Later in the day, we are having a large event at the chief of mission’s residence, which is also a diplomatic installation, in which a broad range of groups will be invited, including the Cuban Government, Cuban Americans, Cuban artists and cultural leaders, the Diplomatic Corps, entrepreneurs, and Cuban political human rights and media activists. Let me emphasize that for the last – well, at least as long as I can remember, certainly working here at the State Department, we have invited broad spectrum of Cuban civil society to the chief of mission’s residence for diplomatic events, which are U.S. Government events. So they are just as official as events that are held at the embassy or the interests section in the previous days, and so it’s really not a change at all that we would include them in a larger event like that where we include the broad swath of Cuban civil society. The earlier event is, as I say, primarily government-to-government, and the Secretary does look forward to seeing many members of Cuban civil society, including dissidents, at that event.
MODERATOR: Great, thank you. Next question.
OPERATOR: Karen DeYoung with The Washington Post, please go ahead.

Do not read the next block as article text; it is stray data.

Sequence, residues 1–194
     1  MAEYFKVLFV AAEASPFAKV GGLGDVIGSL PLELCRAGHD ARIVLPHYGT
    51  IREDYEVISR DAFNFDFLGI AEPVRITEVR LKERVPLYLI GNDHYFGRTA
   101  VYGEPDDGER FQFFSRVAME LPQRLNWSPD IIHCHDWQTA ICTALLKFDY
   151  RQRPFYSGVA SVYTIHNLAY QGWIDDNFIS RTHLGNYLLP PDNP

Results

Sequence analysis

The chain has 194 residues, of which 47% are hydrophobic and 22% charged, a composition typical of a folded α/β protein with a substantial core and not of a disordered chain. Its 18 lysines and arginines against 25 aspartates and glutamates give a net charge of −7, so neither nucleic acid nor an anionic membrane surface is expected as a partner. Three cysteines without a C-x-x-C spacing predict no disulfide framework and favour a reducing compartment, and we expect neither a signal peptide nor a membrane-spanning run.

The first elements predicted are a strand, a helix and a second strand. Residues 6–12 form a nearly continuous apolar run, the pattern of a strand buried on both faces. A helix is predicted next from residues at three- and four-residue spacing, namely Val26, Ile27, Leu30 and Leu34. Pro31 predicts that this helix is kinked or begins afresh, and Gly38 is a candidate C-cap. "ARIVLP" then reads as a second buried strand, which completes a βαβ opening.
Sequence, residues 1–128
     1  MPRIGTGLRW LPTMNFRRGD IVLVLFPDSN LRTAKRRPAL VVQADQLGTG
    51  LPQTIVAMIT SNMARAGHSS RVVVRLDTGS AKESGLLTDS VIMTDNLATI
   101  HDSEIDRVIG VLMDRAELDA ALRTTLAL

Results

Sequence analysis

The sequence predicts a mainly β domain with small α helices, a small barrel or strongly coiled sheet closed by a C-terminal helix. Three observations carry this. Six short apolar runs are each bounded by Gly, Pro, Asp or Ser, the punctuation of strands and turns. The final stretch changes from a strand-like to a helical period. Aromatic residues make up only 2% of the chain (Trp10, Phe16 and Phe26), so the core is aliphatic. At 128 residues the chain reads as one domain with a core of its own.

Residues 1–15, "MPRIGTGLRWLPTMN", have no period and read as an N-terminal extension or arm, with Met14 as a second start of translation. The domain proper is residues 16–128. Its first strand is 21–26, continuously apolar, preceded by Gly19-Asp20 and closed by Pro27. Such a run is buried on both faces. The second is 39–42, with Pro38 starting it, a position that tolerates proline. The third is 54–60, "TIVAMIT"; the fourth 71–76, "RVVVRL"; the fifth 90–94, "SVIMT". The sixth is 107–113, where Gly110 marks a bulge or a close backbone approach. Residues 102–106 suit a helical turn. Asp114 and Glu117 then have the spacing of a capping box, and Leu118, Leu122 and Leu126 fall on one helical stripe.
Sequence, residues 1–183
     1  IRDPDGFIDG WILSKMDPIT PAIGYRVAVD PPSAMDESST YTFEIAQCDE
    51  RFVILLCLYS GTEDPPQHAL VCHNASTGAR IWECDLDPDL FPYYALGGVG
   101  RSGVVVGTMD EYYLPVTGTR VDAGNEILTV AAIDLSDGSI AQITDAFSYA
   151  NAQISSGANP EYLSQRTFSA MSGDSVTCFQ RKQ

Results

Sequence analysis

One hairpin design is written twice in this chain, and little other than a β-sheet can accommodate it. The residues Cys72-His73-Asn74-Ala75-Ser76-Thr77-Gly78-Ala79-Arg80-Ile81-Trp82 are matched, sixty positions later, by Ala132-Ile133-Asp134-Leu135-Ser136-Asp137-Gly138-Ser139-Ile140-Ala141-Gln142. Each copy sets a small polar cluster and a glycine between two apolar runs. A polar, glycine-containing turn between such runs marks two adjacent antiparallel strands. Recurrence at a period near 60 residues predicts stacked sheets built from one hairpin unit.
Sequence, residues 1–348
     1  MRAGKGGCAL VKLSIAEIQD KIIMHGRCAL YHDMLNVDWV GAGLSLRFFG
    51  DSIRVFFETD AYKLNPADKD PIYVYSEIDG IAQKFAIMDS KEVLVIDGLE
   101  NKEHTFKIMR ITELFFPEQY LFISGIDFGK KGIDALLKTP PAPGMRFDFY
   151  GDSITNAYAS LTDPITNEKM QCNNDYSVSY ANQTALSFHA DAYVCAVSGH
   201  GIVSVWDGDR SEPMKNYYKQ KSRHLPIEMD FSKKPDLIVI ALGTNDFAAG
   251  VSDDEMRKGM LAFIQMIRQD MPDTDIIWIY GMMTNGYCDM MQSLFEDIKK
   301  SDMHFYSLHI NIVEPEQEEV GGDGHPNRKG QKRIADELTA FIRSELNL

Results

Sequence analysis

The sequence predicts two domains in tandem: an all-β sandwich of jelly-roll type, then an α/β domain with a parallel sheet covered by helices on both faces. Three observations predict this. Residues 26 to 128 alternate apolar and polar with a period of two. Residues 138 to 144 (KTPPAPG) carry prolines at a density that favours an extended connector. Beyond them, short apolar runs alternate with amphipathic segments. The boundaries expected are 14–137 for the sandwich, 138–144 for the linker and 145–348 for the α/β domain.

QUESTION: Thank you. We’ve been told that this – what you described as a very large event, including entrepreneurs, members of civil society, and dissidents, is closed to the media traveling with Secretary Kerry. And my question is why that is. And why would you not want those people to have access to the media? It doesn’t sound from your description as if it’s some kind of private conversation involving policy.
SENIOR STATE DEPARTMENT OFFICIAL: No, it really isn’t, Karen, and that’s a question you’d probably have to ask some of my public affairs colleagues. But I will tell you the reason that I understand, which is to be perfectly honest, it’s sheer space. We did want to have the broadest range of Cuban society and diplomats and private sector and many people there, and given the interest in the event, both on-island and off, and the fact that we really were splitting up people and trying to fit people in whether it was at the embassy flag raising – which, as I say, is a very constrained space – or at the chief of mission residence, there was simply physically no way we could envision having as broad a range of people at the reception and making it open press. And so that was really – my understanding was it was largely for space reasons. Whether or not we’re able to accommodate some form of pool or individual I just don’t know, but it’s entirely for space reasons. There’s nothing secret or high policy necessarily that will be going on in the event itself, although certainly the Secretary looks forward to having conversations with many people during that event.
MODERATOR: Yeah, on behalf of the press shop here, I can concur with that. That’s the consideration, but as Senior State Department Official said, we’ll look at it again.
Go ahead, next question, please.
OPERATOR: Lisa Schwartz, Wall Street Journal, please go ahead.
QUESTION: Hi. Thanks for doing this. Two questions. One is: Can you give us any color about preparations in Washington and Havana for this historic event? And then the second is: What is the Secretary planning to raise in his meetings with Cuban officials?